When Orson Welles speaks in any of his films, he makes words sound as if they were born of lightning. It is the same in “Compulsion” where he, as Jonathan Wilk—representing Clarence Darrow in this examination of the famous Leopold-Loeb murder case in 1924 Chicago—works not to understand the young men (Dean Stockwell and Bradford Dillman) who heinously murdered a young boy, but to seek for them the justice that is deserved without resorting to the death penalty, as Darrow was known for being against.

Welles doesn’t walk in until late in the movie when, after Judd Steiner (Stockwell) and Artie Strauss (Dillman) confess, his services are obviously needed. Before him, his growing girth and his rumbling, thunderous voice, the burning questions about Steiner and Strauss rush forth in our minds when, cleverly by the efforts of director Richard Fleischer and screenwriter Richard Murphy, we thankfully don’t see the actual murder take place, but find out about it when Sid Brooks (Martin Milner, who photographed well in black-and-white and color, by way of “Adam-12”), a budding newspaperman and fellow classmate of Steiner and Strauss, is sent by one of the writers of the Globe to the morgue to see about the young victim’s body, the condition of it, and if there are any clues to give way as to how it happened.

Gradually, the case becomes clear.

Steiner and Strauss are of no ordinary breed. They are highly intelligent (Steiner claims to speak 14 languages), but look down upon the rest of the world as inferior because they feel there is no one that can match them in who they are. That’s not to say they are egotistical, though there is certainly a bit of that in both of them, but that because of their feelings, they are emotionally detached from all that’s around them. Why they murdered the young boy turns into questions about why these men are who they are and it is with this that “Compulsion” is at its most intriguing, especially when the State’s Attorney, Harold Horn (E.G. Marshall) strides in with a puffed-out chest, sure that any publicity in this case involving him will only be positive if these two boys are hung for their crime.

Fleischer turns the screws hard in “Compulsion.” There are never any easy answers in a murder case. The only people who know why a murder was committed are those who actually did it. The reasons are in their heads, never to be revealed because it wouldn’t be helpful toward the case, and why would they want to tell others? So that it can be put down for the record that it was done for this reason and that reason? Not that simple, at least here. Stockwell and Dillman follow this edict to the shortest lines of dialogue, as Dillman remains calm throughout it all and Stockwell frets and worries here and there, but is telling in his performance when Steiner is asked by Strauss if he wants to be told what to do. A homosexual element is definitely in place throughout many of the scenes that contribute to the low-down feeling successfully evoked.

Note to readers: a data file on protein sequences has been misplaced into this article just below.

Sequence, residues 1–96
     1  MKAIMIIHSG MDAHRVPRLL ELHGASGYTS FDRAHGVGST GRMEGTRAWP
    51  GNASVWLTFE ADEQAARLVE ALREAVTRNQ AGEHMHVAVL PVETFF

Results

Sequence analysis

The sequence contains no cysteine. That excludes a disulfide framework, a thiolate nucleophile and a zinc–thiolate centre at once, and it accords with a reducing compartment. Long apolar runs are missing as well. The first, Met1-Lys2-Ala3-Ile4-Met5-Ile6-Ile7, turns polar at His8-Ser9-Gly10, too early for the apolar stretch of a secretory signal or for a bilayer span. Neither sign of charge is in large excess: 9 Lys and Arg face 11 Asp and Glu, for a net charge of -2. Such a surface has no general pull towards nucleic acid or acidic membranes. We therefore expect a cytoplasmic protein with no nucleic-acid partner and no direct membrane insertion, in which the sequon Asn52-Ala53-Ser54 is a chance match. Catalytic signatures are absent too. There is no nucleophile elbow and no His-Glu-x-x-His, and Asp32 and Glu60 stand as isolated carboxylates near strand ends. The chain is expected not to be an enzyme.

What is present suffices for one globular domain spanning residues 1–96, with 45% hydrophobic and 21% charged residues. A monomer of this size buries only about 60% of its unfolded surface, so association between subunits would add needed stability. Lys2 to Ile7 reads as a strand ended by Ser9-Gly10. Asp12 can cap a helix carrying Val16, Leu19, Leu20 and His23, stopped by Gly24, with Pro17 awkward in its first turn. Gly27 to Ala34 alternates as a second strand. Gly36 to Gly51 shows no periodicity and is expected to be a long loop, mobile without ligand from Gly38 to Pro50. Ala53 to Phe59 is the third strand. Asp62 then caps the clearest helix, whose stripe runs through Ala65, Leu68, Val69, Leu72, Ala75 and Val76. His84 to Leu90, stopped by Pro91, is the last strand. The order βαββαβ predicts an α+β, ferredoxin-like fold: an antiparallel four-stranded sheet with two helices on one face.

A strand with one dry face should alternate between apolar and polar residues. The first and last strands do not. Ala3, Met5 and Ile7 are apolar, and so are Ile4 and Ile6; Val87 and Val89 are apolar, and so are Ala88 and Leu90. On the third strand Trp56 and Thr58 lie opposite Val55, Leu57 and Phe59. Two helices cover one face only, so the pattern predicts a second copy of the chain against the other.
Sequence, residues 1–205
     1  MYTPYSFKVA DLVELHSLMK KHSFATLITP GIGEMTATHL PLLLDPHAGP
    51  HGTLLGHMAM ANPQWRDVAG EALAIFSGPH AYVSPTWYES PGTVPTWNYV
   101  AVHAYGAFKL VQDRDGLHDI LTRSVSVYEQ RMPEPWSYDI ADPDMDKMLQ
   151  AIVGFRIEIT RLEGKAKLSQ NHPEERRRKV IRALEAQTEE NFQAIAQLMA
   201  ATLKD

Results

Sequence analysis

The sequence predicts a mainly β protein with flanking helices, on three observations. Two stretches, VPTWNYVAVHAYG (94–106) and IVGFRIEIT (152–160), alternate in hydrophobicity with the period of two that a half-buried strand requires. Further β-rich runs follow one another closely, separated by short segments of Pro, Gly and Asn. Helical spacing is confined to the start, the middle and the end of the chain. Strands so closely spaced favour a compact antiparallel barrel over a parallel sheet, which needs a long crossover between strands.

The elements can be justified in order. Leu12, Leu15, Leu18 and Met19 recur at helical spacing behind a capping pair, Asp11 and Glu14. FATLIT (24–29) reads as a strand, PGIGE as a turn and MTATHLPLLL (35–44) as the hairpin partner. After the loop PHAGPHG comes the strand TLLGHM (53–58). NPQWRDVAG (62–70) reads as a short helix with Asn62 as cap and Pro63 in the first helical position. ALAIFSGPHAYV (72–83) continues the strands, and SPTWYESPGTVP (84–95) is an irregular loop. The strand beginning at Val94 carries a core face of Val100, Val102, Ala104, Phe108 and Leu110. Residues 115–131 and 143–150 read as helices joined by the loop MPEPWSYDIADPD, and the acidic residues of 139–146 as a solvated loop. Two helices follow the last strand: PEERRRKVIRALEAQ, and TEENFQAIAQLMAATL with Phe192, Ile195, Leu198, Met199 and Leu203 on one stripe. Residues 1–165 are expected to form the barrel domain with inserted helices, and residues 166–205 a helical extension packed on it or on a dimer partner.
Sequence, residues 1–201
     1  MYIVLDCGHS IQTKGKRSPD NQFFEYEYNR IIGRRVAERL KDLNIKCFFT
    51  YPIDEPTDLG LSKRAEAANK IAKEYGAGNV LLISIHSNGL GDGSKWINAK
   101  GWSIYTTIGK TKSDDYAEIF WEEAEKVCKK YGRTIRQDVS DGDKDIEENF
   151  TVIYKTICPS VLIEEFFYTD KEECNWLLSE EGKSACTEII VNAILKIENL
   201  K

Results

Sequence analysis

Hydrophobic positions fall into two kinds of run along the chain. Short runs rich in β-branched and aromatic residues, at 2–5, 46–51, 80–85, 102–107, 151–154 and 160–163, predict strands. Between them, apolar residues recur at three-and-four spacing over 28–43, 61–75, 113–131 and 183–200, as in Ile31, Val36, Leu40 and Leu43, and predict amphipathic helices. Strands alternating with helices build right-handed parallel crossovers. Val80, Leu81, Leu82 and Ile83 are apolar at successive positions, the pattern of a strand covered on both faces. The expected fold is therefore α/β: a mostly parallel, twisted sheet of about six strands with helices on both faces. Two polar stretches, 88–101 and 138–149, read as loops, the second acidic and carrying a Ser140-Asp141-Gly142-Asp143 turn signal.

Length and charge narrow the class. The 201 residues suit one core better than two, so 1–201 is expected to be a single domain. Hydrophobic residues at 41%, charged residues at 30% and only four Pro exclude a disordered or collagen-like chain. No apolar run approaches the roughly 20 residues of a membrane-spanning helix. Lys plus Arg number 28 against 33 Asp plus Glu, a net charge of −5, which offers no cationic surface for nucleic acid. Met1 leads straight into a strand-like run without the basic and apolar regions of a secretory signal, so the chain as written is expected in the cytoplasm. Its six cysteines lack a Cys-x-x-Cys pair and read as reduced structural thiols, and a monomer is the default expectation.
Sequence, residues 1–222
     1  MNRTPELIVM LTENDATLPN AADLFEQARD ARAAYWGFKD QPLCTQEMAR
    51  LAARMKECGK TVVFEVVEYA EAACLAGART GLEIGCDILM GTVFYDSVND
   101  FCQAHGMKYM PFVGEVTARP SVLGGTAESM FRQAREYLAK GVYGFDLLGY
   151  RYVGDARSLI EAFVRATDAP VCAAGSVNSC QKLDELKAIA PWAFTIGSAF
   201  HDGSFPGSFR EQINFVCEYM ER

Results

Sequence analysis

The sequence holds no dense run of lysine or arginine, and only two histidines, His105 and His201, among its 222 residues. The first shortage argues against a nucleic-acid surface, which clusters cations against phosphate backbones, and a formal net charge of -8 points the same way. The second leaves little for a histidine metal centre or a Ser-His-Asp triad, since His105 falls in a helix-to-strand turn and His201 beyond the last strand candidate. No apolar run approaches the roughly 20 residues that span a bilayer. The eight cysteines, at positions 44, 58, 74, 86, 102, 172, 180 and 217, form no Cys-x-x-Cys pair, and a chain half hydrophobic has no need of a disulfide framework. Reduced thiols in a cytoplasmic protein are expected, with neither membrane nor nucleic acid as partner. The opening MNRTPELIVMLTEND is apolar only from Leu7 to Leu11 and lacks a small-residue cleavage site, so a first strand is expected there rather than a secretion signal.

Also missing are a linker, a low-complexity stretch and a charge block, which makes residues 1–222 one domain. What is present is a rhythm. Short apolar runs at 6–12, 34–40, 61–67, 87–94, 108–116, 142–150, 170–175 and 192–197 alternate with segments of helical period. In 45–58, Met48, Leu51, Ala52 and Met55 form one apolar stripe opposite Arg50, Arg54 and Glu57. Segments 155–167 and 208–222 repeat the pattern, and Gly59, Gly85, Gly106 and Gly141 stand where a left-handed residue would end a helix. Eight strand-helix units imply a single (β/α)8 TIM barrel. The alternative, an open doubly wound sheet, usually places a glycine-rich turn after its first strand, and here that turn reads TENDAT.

Then, there is the well-known monologue by Welles as Wilk, calling for the lifelong imprisonment of Steiner and Strauss instead of the extreme alternative. Listen to each word. It’s as if those words had never been heard properly before Welles spoke them. Each utterance, each silent beat in his speech, is commanding and compelling. It’s ten of the best minutes Welles offered in his career, among countless other minutes which are also of much value. He was an actor, a director, a writer, all involving words and it’s clear here that they still retained their importance with him. Fleischer’s good fortune was in having Welles right there on the screen and today, that same impact remains true. It’s what makes “Compulsion” ever compelling, and worth the time to ask the questions that should always be considered in a murder case. Actual motives are not always known, but damn if it isn’t worth trying to figure it out!

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